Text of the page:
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Wendy Matton

 Tags: Mental Health

Whether in the media or from personal experience, everyone has had some form of contact with mental illness. In fact, one in five Canadians will experience mental illness in their lifetime. With such a high percentage of the population at risk, you would think that there would be significant measures in place to help Canadians suffering from depression, anxiety, bipolar disorder, schizophrenia, and other mental illnesses. Unfortunately, this is not the case. 

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Even if you do not suffer from mental illness, you can still be affected by it as a business owner. The mental health of Canadians has a significant impact on the economy. Every year, decreased productivity from employees with depression costs employers $47.6 billion dollars. Additionally, $7.9 billion is spent on care, disability, and accidental death.  

With the wellbeing of Canadians and the economy at risk, what can we do to help?

End the Stigma

In recent years, Canadians have become more aware of the elephant in the room that is mental health awareness. For too long, Canadians have devalued the importance of seeking help for mental illness. Asking people to “try harder” or “get over it” were common phrases spoken to employees who admitted their struggles. 

Thankfully, the future of awareness looks promising. Initiatives like Bell Let’s Talk have created awareness that did not exist even seven years ago. Since its conception in 2011, 729,065,654 interactions have been made, with over $86.5 million committed to assisting those with mental illness. 

With all the work that has been done by projects like Bell Let’s Talk, there is still a stigma that exists surrounding mental illness. While conditions have improved, there’s still a lot of work that needs to be done to end the stigma in the workplace. 

Starting a conversation is the best way to do your part to end the stigma. Once we address the elephant in the room, we can all work collectively to help others overcome their struggles with mental illness.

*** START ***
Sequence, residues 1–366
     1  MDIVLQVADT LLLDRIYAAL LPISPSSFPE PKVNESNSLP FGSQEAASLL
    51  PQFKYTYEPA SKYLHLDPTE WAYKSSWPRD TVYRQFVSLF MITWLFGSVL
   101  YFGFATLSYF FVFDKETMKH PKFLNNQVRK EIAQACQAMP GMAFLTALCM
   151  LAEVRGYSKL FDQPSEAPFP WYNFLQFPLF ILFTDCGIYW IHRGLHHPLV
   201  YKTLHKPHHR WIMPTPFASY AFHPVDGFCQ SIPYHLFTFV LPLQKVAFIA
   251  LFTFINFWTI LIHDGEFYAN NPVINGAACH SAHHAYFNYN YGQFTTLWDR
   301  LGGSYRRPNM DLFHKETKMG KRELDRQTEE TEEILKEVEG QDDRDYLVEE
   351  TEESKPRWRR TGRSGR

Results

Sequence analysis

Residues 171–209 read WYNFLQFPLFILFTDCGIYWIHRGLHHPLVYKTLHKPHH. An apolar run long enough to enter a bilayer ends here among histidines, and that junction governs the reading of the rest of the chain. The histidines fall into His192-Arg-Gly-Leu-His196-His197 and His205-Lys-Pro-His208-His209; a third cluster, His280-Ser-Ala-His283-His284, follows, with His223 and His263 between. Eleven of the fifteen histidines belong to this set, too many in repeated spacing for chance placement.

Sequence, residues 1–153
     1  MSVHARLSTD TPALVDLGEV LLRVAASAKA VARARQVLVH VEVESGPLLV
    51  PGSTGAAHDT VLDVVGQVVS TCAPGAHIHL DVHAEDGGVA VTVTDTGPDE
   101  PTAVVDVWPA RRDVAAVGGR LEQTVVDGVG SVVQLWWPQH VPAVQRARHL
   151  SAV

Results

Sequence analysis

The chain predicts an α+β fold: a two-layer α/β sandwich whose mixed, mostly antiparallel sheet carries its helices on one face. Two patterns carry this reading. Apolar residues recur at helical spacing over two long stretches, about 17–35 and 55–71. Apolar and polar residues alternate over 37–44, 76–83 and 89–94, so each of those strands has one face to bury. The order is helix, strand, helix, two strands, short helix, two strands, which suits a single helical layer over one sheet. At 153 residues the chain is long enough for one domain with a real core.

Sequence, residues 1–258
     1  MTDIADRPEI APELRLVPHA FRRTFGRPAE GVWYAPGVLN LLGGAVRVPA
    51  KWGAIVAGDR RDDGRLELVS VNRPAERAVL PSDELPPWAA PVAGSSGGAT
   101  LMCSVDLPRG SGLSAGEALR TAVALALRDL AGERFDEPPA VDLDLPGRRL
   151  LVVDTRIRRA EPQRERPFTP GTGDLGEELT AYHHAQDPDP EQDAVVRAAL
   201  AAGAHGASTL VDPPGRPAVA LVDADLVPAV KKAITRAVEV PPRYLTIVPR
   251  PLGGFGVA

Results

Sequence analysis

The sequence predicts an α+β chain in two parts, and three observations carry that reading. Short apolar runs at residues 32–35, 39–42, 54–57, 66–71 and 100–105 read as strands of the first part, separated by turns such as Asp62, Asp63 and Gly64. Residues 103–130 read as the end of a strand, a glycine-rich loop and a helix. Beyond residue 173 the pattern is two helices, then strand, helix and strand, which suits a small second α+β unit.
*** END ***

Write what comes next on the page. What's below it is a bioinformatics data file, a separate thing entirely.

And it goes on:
Provide Proper Benefits

Many small businesses don’t cover their employees for mental health, which could be negatively impacting their productivity. Without looking at the whole picture, businesses only see the upfront costs they must pay to cover their employees. If you’re a small business owner, investigate the different benefits option available. 

If you’re a small to medium business owner looking for coverage for your employees, finding the right insurance provider that can cover your staff doesn’t have to be difficult. Look for a company that offers mental health coverage. Find a plan and rate that works best for you—every penny you put towards your employees’ mental wellbeing will be worth it in the long run.   

Providing benefits to support and encourage employees’ mental wellbeing will not only help your employees, but it can also improve business. It’s a win-win situation for everyone involved.

Increase Healthcare Funding

Currently, mental health receives only seven percent of the annual government healthcare funding. Over the next decade, this number is expected to increase by two percent, accounting for nine percent of the overall healthcare funding. Realistically, this is not a significant amount when you consider just how serious mental illness truly is and how much it costs to support. 

While Canada acts as a global leader for aspects of our healthcare system, mental health funding is certainly not one of them. Canada falls behind countries like New Zealand, Australia, and the United Kingdom, which all contribute between 10 and 14 percent of their annual healthcare funding to the issue. 

It’s crucial now more than ever for Canada to increase its funding. A higher percentage of the annual budget will help provide better support channels and care for those suffering from mental illness.


Wendy Matton

Wendy has nearly 40 years of experience in the financial services sector. She began in banking and moved on to Bay St. trading in fixed income, currency and commodities, to management. The next phase was spent in sales and advisory roles as an independent financial and insurance advisor. She has spent the last 15 years as a consultant in the employee benefits industry. Wendy enjoys going on gal-pal road trips with her daughter visiting theatres and B&Bs across Ontario. When not hosting a “Scuff ‘n’ Scoff” with her hubby and musical friends, her most treasured moments are outdoors, back in the hills of Newfoundland on a ski-doo or on a pristine lake with her dad, in a canoe.
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